Contractors seek clarity about inconsistent essential service provisions in COVID-19 shut-down regulations

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Ontario Construction News staff writer

Ontario’s general contractors are making pleas to Premier Doug Ford and the provincial government to clarify essential service designations, saying they are receiving conflicting and inconsistent answers from the government hotline and local officials.

One contractor, Peter Vicano, president of Brantford-based Vicano Construction, sent an email to Ford on Monday saying:

“I too have spoken to the government hotline.

“They could not tell much of anything and directed me to MOL (Ministry of Labour)

“MOL directed me to the City Police.

“The City Police directed me to the local Health Unit.

“The Local Heath Unit directed me to Property Standards department in (the) Building Department.

“The Chief Building Official said he has to talk to the city solicitor.

“I don’t want to be fined!

“I don’t want to go to jail!

“I want to do the right thing!

“Please Mr. Premier, we need clarity.

“If you create a hotline….please equip it with knowledgeable people and that can make decisions.”

Vicano attached another email from Alex Snyder, project manager with Snyder Construction in Ashburn.

“Mr. Premier:

“The last thing I want to do right now, is write a letter to you. I am sure you are inundated with information, decisions to be made, and appeals from all the lives that have been affected by your government. The media said Justin Trudeau channelled his inner Churchill. I’d like to recall a quote as a Churchill fan myself, ‘Success is not final, failure is not fatal, it is the courage to continue that counts.’.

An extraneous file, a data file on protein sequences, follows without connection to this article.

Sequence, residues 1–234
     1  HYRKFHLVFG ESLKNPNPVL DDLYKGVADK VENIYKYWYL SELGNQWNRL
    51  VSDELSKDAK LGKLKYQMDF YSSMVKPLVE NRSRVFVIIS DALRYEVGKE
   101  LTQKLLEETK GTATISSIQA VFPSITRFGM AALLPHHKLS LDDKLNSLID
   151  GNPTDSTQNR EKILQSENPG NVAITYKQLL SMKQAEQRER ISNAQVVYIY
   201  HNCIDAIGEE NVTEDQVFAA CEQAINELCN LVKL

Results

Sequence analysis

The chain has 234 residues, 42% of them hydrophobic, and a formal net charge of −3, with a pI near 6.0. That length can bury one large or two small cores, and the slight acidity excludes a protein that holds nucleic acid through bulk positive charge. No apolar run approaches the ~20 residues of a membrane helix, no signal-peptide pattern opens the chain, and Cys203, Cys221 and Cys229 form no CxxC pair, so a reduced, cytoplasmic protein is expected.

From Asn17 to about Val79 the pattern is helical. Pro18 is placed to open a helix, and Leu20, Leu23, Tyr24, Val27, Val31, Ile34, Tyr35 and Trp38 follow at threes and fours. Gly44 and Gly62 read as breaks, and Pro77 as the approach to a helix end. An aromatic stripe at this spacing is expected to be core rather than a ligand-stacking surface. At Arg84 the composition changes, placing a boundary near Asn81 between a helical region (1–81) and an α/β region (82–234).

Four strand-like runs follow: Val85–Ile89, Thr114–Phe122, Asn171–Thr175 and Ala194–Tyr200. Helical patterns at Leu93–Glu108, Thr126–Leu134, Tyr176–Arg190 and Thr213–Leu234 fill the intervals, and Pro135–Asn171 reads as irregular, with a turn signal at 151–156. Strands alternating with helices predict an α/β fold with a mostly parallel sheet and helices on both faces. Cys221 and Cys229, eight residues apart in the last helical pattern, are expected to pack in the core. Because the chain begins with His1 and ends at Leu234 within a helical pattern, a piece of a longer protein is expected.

I want to focus on the construction industry, and your decisions regarding it. Right now, there is vast confusion in our industry. Your recent update regarding the list of essential workplaces does not make sense, and when we called the Spread Business Information Line, the operator did not know the difference between commercial, institutional, industrial construction. Let me divide my concerns into three points for clarity:

  • The government has allowed the continued construction of large condominiums that hundreds of workers are onsite for, but disallowed ICI which often only has less than 10 workers onsite for projects under a million. In terms of the information regarding the spread of COVID-19, it would make sense that less people congregating at a workplace would be better.
  • Supply chains in construction are facing massive strain with the way things are, and with this new update, might be broken for far longer. It is critical to keep supply chains going at least at bare minimum, instead of shutting down completely. Industry experts would agree with me.
  • Currently, with large buildings empty such as schools, government buildings; it is possible to maintain social distancing onsite and get projects done, so facilities are ready for when the Emergency Act ceases. Our employees understand this, have taken proper safety guidelines to heart, and want to keep working. Again, it makes very little sense for the government to allow large condominium projects to continue, but disallow smaller ICI projects with less people onsite.

“The construction industry has instituted many safety guidelines including the COR certification, spent millions on safety over the years, and we have the capability to quickly shift how we work through this training to adapt to protect our workforce. I am not only writing this on behalf as a representative of Snyder Construction, but on behalf of all our workers who agree with its contents.

“I realize I am criticizing your government and your decisions Mr. Premier, but let me quote Churchill again. ‘You have enemies? Good. That means you’ve stood up for something, sometime in your life.’

Wisdom is found in those who take advice, and I wish you the best of advice during this time,” Snyder wrote.